A lot of people build workshops in their attics. This is kind of unusual because most people would prefer their garage. But, if your garage is off-limits for whatever reason, or you just want to reserve it strictly for your automobiles, your attic is a perfect candidate.
Usually, when people set up attic space, they put up all sorts of junk and forget about the stuff up there. It’s not uncommon for people to find amazing works of art that everybody seems to have forgotten about just because somebody put it in an attic somewhere.
That’s how most people approach their attics. This way it’s a good idea to turn it into a workshop because this move can ensure that you will be viewing the insides of your attic more often than you normally would.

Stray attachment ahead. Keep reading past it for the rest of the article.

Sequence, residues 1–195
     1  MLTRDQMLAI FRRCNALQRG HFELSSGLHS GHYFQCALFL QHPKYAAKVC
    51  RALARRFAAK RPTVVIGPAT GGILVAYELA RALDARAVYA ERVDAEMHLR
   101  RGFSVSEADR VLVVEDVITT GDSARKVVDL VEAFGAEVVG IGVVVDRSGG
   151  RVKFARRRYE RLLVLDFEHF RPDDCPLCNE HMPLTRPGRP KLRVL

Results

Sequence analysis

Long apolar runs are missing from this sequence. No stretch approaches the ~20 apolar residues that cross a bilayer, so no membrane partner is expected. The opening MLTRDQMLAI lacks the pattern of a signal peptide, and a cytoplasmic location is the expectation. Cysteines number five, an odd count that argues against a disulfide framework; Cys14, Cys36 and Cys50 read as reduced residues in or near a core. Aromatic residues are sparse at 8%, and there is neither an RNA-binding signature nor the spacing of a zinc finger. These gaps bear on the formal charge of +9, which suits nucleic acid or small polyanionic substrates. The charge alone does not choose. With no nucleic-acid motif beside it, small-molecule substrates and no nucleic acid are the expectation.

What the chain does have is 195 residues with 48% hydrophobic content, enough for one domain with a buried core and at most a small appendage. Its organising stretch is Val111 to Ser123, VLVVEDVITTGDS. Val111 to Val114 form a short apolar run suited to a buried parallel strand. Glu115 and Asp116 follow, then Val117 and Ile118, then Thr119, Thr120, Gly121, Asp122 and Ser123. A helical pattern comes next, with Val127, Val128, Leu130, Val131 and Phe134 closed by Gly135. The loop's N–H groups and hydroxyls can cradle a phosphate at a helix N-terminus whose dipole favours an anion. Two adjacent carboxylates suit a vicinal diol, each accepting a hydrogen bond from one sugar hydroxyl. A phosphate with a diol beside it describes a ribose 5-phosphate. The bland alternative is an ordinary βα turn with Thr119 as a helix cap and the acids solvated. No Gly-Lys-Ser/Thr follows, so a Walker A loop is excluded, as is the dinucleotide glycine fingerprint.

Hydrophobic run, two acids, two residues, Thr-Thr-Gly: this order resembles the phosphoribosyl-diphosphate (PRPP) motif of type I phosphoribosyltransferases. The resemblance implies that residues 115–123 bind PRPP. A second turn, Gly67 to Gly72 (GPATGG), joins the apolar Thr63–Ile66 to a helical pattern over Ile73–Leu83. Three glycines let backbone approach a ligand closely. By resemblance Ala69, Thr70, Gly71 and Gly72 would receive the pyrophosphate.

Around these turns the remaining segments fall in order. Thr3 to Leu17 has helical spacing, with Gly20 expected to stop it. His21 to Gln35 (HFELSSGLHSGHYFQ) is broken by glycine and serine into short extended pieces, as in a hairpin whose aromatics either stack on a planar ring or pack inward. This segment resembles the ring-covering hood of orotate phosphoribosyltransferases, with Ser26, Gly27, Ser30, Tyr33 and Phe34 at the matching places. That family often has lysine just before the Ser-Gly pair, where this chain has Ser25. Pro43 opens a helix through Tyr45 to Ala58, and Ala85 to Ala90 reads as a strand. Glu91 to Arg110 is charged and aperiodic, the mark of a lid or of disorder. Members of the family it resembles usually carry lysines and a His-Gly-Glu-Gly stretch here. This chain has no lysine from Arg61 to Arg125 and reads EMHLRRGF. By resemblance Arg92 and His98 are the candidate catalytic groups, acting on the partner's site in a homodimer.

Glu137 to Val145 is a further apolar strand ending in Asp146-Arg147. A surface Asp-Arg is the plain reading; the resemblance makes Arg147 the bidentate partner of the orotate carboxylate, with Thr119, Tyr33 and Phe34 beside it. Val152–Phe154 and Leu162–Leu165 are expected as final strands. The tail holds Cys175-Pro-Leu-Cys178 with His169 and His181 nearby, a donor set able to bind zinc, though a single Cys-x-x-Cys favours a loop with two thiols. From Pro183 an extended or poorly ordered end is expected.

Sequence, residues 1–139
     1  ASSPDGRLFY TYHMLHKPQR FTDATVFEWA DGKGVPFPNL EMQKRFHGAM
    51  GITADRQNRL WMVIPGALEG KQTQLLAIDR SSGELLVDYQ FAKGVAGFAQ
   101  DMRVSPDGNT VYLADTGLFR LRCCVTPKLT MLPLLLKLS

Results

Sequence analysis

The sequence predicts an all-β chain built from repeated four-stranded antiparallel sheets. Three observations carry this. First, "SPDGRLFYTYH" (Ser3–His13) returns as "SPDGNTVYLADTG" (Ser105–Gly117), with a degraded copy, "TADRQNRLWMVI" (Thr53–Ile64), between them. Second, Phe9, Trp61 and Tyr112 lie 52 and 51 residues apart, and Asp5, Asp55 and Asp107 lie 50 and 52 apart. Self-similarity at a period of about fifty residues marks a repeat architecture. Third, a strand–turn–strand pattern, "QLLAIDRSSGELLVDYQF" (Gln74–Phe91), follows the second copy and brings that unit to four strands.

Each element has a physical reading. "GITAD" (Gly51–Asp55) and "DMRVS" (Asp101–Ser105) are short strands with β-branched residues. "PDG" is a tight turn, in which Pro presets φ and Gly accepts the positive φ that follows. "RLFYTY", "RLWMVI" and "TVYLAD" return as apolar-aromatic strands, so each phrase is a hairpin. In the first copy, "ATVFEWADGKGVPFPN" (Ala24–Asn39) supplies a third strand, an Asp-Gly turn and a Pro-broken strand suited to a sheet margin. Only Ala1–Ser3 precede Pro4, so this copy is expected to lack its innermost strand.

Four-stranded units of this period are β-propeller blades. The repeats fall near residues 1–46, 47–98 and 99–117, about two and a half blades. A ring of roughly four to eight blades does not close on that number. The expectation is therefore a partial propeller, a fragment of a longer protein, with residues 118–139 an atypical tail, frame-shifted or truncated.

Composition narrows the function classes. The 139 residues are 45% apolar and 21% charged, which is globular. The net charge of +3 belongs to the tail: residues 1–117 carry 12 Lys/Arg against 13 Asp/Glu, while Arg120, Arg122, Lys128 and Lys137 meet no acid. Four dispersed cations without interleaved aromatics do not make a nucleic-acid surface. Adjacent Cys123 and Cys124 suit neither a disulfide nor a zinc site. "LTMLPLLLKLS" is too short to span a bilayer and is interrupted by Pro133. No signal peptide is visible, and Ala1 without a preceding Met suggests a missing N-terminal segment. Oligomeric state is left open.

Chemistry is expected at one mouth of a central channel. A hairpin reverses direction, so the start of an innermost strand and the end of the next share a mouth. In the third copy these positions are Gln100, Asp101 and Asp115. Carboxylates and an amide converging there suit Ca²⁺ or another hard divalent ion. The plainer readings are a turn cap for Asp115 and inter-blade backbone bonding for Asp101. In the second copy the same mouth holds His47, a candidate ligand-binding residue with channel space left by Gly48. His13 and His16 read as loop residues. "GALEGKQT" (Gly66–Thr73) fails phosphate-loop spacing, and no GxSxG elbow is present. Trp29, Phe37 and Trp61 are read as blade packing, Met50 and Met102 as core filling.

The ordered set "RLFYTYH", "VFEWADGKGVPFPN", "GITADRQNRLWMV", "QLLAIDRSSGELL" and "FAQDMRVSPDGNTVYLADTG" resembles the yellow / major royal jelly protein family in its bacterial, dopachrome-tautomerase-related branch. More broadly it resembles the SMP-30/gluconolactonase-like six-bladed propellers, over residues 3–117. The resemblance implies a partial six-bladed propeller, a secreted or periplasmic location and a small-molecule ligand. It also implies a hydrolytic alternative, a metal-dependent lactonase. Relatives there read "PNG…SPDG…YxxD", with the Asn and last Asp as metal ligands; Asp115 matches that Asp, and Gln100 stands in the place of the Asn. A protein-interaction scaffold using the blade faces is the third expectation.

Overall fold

Now, this is probably going to make a lot of people scratch their heads. Some do-it-yourself veterans might even roll their eyes. Who in the right mind would want to set up a bedroom workshop? But it turns out that if you live alone or if your significant other understand your passion for your art or your craft, a bedroom workshop may not sound all that crazy.
Let’s face it. If you are an artist, and you want to maximize the number of art objects you produce at any given time, you need to be able to access your workshop as soon as possible. As you probably already know, inspiration comes and goes quickly.
They’re instantly flashing to existence and just as quickly disappear. You need to freeze lightning, so to speak. Because, if you are inspired or if you have this hatch, you need to reduce it into a tangible form as quickly as possible so you can then build on that inspiration.